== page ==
Today, a global talent pool is the reality for more and more organizations. Employers are sourcing workers from a larger talent pool, and employees are competing with people around the world for jobs. While this causes concern about job security and stability for some, 67 percent of men and women in the workplace feel positively about businesses searching globally for the best talent, according to ADP Research Institute® The Evolution of Work: The Changing Nature of the Global Workplace.

Economic and social factors are reverberating globally in the wake of Brexit and the uncertainty that surrounds the American political landscape. HR leaders should keep the changing dynamics in mind when developing a plan for sourcing global talent, as well as planning for the rapid evolution of technology, employee concerns and employee training.

The Benefits of a Global Talent Pool

The shift toward global talent is about more than just globalization. Technology, flexible trade borders and other factors are making it easier to find talent. For employers, there are numerous benefits to a global talent pool including the ability to control costs through strategically basing positions in different regions, filling roles more quickly, eliminating middlemen like recruiters and incorporating a more flexible system of contract employees to contract or scale as the economy demands. To capture these benefits, CHROs and HR leaders should train teams to be agile and creative about sourcing strategies.

Here are three ways to effectively find and develop global talent:

1. Install a Global Sourcing Strategy With Local Components

Sourcing talent globally doesn't work the same around the world — even with the increase in the sophistication of related technologies. As a result, businesses need to develop frameworks that can be adapted at the local level. For example, if the criteria for a specific role includes a bachelor's degree, your team needs to have the training to differentiate whether education requirements have been met when sourcing talent from Europe or Latin America. Along similar lines, recruiters may need to employ different techniques for finding, communicating with and interviewing talent from regional markets.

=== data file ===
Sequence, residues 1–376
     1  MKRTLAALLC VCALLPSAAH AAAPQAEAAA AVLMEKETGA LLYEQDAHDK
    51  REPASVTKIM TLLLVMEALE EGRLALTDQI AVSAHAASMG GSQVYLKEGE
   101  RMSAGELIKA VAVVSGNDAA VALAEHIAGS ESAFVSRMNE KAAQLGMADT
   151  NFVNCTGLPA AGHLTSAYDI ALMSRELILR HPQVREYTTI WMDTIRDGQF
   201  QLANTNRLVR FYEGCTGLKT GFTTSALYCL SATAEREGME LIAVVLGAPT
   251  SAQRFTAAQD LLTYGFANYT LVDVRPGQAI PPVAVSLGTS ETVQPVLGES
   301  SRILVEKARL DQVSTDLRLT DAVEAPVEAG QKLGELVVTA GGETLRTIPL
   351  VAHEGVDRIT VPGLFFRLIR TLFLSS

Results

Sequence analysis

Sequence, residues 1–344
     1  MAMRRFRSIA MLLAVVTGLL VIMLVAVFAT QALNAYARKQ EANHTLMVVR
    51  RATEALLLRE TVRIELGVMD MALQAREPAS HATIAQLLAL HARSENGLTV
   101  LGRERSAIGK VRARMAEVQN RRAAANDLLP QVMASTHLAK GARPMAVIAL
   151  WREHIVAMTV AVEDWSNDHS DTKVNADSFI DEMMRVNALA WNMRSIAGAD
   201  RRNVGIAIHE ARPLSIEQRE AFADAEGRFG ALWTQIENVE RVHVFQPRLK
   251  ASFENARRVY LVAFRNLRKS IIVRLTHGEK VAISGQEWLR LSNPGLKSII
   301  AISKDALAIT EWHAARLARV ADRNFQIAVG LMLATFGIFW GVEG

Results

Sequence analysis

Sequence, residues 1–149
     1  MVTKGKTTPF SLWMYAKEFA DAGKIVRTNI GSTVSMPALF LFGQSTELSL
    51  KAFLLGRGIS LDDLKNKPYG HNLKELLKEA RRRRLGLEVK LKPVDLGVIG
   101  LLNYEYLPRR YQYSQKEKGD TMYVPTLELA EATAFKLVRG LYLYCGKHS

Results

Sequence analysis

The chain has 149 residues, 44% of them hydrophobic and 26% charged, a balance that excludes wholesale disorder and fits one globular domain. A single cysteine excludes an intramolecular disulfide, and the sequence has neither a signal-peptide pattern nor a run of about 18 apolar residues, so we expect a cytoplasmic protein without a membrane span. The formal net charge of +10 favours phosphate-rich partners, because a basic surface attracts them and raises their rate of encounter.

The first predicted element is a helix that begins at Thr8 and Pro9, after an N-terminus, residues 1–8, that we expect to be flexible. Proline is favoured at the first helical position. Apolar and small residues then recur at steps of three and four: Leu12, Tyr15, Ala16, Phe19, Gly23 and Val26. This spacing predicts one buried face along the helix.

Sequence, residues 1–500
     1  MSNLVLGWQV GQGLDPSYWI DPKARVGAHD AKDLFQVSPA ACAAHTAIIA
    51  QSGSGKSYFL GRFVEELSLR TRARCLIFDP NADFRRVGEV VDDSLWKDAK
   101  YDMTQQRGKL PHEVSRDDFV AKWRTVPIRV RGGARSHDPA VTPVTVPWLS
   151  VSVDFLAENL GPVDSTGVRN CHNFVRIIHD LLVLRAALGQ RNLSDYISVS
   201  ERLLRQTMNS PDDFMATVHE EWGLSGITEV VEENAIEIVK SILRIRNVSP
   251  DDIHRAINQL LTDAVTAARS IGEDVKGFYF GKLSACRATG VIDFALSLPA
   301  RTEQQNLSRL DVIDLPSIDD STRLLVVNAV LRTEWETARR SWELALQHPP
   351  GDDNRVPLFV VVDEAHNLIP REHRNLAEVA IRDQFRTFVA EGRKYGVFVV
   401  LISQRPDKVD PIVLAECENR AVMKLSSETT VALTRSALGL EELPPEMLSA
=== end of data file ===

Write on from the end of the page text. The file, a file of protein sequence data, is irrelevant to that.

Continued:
2. Embrace Technology

Technology plays a central role in the evolving talent landscape. As businesses move toward a more global talent pool, technology will play a larger role in the sourcing process. For example, when recruiters are looking for passive candidates or individual job hunters on the move. Invest in advanced training for your team to embrace social media sourcing, the role of video in recruiting and using large professional networks like LinkedIn to find talent around the globe. Technology can also enable customized and personalized interview experiences, no matter where teams and candidates are located.

3. Explore Flexible Work Arrangements

Flexibility works hand-in-hand with a more global workforce. Businesses need plans in place to have teams collaborate effectively across geographic regions, international borders and time zones. Today's corporate HR team needs to think creatively about these issues. Is additional training required to make the most of collaboration tools? Will remote work help attract talent across regions? Help recruiters understand the importance of these factors to proactively leverage your organization's flexibility as a recruitment tool.

For CHROs, the global talent market is both a challenge and an opportunity. It represents a new avenue to help businesses grow and become increasingly competitive, but at the same time, organizations must adapt their sourcing strategies to take advantage of these prospective benefits. It all starts with HR leaders — so have a clear vision, enable your teams and invest in technological upgrades to maximize your global reach.

Tags: global talent hr LinkedIn Globalization Recruiting People CHRO